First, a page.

Plum Blossoms and Rock, from the Mustard Seed Garden Manual of PaintingArtist(s)ChineseArtist NationalityChinese (culture or style)Object Creation Date19th centuryMedium & Supportcolor woodblock print on paperDimensions
8 11/16 in x 11 1/16 in (22.07 cm x 28.1 cm);22 1/16 in x 18 1/16 in (56.04 cm x 45.88 cm);11 9/16 in x 10 1/4 in (29.3 cm x 26.1 cm);11 1/16 in x 8 11/16 in (28.1 cm x 22.1 cm)Credit LineMuseum PurchaseLabel copy
In the late seventeenth century, three brothers in the Wang family prepared the illustrations for what would become the most lavish woodlblock print book made in China to that date: The Mustard Seed Garden Manual of Painting (Jiezi yuan hua zhuan / Chieh-tzu-yüan hua-chuan). A thirteen-volume compendium of Chinese painting styles, The Mustard Seed Garden did for Chinese painting what the lithograph did for European painting in the age before photography: it was the means by which the work of famous artists became known to a vast audience across time and space. Every aspiring artist in China, and many in Korea and Japan as well, studied its pages of both full compositions and isolated motifs.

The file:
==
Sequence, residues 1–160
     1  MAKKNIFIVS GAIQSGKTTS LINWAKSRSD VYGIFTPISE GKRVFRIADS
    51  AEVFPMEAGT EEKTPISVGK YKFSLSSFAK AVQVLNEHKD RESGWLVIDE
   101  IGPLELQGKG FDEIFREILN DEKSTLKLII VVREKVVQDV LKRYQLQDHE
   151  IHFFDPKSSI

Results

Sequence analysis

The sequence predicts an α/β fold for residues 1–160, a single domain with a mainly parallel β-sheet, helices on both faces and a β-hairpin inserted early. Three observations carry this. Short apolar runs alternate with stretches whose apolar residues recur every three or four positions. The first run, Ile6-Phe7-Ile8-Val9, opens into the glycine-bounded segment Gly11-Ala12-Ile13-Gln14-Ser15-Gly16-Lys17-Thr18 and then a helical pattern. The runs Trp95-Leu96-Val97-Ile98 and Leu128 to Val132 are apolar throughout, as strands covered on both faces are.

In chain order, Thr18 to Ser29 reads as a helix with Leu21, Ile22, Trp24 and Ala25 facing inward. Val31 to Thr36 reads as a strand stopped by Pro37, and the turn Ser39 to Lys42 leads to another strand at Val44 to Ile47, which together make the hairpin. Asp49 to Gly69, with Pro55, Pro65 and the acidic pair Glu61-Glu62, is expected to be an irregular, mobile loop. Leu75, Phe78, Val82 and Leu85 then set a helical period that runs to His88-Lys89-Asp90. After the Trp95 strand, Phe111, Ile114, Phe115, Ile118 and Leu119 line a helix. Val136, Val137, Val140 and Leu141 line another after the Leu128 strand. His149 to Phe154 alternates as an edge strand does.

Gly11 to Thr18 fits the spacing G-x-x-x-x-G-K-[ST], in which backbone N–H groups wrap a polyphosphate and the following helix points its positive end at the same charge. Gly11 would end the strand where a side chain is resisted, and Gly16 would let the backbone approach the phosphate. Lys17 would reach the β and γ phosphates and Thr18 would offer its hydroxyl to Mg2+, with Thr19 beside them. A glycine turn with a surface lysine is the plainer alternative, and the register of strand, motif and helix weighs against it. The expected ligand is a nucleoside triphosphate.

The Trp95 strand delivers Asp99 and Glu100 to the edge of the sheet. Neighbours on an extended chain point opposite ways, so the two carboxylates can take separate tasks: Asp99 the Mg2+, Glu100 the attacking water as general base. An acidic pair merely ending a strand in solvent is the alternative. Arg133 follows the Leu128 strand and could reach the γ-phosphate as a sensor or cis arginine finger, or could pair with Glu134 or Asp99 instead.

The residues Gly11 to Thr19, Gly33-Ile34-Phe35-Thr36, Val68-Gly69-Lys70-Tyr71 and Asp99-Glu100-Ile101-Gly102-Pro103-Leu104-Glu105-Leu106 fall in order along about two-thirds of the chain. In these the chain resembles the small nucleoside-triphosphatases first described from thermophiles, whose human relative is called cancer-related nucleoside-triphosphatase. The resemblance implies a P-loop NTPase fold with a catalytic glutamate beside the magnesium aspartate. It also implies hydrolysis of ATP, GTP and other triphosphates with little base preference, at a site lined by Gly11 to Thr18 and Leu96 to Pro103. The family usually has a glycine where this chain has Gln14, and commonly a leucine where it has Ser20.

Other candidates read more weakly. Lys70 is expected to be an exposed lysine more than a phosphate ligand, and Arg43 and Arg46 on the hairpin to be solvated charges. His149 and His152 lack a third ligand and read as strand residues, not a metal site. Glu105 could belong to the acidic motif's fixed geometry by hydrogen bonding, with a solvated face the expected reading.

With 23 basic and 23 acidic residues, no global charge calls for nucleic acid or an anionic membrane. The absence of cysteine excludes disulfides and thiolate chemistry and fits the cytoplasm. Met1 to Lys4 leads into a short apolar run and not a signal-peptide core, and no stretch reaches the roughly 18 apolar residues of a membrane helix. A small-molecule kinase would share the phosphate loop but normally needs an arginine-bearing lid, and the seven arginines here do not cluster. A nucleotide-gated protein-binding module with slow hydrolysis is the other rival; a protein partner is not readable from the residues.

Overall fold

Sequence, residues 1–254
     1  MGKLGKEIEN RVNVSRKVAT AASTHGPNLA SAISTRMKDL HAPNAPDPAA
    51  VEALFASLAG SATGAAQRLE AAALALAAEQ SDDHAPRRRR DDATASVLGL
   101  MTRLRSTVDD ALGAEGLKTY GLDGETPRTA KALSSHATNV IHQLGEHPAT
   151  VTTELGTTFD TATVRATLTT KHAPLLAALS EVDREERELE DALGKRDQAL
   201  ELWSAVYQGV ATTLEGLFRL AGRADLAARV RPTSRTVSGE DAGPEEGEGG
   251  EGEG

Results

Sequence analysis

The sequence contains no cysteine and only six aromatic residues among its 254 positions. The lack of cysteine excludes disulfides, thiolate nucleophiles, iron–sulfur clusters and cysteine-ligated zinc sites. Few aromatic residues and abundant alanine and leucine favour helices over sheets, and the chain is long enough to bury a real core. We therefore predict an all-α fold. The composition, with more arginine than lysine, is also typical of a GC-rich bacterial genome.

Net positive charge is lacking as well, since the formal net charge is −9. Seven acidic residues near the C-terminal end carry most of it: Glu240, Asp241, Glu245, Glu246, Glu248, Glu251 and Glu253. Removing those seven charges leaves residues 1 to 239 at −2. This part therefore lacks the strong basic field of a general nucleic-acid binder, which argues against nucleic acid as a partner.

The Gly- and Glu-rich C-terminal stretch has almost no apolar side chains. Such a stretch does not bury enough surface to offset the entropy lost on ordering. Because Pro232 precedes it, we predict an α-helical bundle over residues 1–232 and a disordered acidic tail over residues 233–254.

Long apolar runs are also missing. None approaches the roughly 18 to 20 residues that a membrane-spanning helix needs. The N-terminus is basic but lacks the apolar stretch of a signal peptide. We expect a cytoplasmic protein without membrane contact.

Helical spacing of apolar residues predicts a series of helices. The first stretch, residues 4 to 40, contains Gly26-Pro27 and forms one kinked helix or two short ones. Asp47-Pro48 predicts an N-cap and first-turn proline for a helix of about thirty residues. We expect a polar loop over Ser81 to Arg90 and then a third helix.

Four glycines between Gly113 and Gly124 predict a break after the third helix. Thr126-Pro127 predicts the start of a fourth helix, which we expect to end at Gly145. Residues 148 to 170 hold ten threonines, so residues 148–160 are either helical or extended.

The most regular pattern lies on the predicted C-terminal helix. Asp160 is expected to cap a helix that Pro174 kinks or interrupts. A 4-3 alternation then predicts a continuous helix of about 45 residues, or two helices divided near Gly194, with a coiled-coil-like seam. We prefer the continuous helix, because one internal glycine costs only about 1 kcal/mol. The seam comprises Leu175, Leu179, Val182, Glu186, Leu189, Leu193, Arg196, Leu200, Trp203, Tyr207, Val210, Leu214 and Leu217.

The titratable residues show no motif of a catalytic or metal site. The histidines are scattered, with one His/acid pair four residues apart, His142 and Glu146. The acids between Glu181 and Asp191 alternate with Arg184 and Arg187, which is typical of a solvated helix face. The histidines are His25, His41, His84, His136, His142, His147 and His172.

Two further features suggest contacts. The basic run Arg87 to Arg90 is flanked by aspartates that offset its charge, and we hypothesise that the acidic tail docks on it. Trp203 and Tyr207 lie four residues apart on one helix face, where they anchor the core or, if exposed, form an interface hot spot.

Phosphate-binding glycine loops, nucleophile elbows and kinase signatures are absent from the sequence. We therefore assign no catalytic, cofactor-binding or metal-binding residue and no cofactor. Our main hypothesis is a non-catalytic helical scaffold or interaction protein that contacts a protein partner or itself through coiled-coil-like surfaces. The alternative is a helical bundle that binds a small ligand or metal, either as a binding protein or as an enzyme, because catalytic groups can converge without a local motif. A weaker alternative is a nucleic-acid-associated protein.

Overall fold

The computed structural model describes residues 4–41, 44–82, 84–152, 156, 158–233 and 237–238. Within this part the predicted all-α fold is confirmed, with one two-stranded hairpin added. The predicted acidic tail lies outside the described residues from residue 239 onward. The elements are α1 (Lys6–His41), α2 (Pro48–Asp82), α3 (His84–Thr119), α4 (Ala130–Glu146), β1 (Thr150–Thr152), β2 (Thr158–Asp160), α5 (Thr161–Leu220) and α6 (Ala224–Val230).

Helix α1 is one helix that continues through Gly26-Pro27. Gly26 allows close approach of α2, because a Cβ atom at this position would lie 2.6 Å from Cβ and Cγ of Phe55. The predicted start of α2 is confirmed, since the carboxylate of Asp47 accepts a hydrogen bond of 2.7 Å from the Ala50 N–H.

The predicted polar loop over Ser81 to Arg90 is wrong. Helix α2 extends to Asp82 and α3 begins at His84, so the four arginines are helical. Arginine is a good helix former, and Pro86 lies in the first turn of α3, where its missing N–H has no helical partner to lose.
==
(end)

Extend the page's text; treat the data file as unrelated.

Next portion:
The name of the book is taken from the country residence of author of the preface, the essayist and playwright Li Yu / Li Yü óõãô (1611–80). The first edition, published in the southern urban center of Nanjing / Nanking over the course of two decades, was a best seller. Innumerable reprint editions were issued in China (the pages shown here are from an edition published in the 1880s) and Japan, and the first full English translation and reproduction appeared in the 1950s.
Maribeth Graybill, Senior Curator of Asian Art
Exhibited in "Flora and Fauna in Chinese Art," April 6, 2002 - December 1, 2002.Primary Object Classification Print Primary Object Typecolor printCollection AreaAsianRights
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